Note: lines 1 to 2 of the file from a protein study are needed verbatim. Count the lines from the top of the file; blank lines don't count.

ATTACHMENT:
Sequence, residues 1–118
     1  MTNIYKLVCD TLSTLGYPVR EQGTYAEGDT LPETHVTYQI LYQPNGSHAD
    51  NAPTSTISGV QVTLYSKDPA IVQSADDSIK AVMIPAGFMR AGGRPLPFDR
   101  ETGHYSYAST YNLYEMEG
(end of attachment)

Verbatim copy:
Sequence, residues 1–118
     1  MTNIYKLVCD TLSTLGYPVR EQGTYAEGDT LPETHVTYQI LYQPNGSHAD